This dark fantasy/science fiction novel is a finalist for the 2019 Nebula Award. It was published 10 September 2019 by Tor.com and runs 437 pages. This is Book #1 of The Locked Tomb Trilogy. The second installment, Harrow the Ninth, is scheduled for release in June of 2020, to be followed by the third, Alecto the Ninth. This review contains spoilers.

The God Emperor has the need of new Lyctors for his service. As a result, he has called on each of the Nine Houses to send a necromancer heir with their cavalier to the First House for evaluation. The decrepit Ninth House that guards the Tomb only has one necromancer, Harrowhark Nonagesimus, and no available cavalier, so they draft the only possible candidate, Gideon the Ninth. She was a foundling that somehow survived a pestilence that killed all the other children of her generation before Harrowhark was born, and the two hate each other’s guts. Harrowhark swears Gideon to silence to keep her mouth shut, provides her with appropriate black robes and skull face paint, and they arrive at the First House as expected, along with the other candidates. Gideon has no experience outside the decaying Ninth, but she starts to make tentative friends. There are no instructions on what they’re to do. Harrowhark thinks it’s a matter of research through the forgotten labs of the First House to learn talents and abilities that make one a Lyctor, but maybe it’s a competition instead, as some of the candidates start to die in horrific ways. As the field of candidates narrows, Gideon and Harrowhark start to wonder why anyone would want to be a Lyctor anyhow. Is there a way to avoid it?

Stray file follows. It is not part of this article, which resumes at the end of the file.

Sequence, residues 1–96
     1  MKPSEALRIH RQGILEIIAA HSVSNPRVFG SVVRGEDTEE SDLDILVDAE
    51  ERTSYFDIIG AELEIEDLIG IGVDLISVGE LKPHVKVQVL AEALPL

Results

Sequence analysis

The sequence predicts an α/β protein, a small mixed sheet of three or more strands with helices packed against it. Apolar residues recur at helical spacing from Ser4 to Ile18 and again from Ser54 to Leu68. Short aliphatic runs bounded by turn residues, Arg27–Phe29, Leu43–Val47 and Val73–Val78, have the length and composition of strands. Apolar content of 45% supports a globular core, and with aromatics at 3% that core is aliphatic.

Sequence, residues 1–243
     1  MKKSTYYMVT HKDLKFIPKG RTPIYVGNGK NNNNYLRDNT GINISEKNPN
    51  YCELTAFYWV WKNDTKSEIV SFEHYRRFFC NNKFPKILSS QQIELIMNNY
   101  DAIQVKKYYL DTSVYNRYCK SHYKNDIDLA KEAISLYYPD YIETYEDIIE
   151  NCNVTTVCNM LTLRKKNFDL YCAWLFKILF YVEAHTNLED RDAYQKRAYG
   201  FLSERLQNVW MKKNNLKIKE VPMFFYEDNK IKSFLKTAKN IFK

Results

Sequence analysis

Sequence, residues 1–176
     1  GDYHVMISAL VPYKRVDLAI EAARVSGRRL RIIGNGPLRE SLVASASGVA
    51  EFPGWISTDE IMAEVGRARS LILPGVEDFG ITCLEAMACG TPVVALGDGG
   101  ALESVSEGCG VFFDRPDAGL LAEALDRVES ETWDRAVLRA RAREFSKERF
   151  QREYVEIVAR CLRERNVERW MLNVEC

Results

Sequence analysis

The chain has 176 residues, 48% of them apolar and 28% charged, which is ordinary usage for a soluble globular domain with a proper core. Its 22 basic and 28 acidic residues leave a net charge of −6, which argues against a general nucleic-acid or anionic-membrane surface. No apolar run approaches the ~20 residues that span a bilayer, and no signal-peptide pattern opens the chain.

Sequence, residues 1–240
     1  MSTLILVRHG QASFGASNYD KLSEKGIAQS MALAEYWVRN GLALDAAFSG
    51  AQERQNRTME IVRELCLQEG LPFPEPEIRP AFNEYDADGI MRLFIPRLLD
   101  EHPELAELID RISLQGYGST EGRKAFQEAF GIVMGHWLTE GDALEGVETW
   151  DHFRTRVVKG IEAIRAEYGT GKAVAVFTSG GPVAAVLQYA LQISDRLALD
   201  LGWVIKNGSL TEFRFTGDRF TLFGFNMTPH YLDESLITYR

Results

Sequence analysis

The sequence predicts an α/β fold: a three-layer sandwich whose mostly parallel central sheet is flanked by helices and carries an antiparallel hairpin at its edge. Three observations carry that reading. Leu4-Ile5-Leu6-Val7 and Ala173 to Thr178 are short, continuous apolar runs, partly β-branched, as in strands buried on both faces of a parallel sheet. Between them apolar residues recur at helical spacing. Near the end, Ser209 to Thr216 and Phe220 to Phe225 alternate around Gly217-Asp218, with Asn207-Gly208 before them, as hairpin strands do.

This is absolutely brilliant as far as style, world-building, plotting and characterization go. The story has a science-fictional setting, as the Nine Houses circle the sun Dominicus, and are presumably planets or space habitats. The Ninth House is furthest from the sun, darkest and coldest. The God Emperor sealed the Tomb there and apparently thought the caretakers he left behind would die off, but instead they have managed to maintain a small, desperate population. It took a huge magical sacrifice to produce the brilliant Harrrowhark, which leaves her warped and burdened by guilt that spills over on Gideon. Otherwise, this is basically a mystery plot, with a final twist ending as the path to Lyctorhood is revealed. Muir credits Lissa Harris for the sword work, which stands out for detail and authenticity.

On the less positive side, I’m wondering where Gideon gets her porn magazines if Ninth is so desolate. Also, I expect the author watches a lot of horror flics, as the imagery has the feel of slightly cliché special effects. The array of characters is also somewhat stereotypical, and as a long time mystery reader, I didn’t have much trouble picking out the perp—she was just too sweet. I didn’t see the twist coming, though.

Five stars.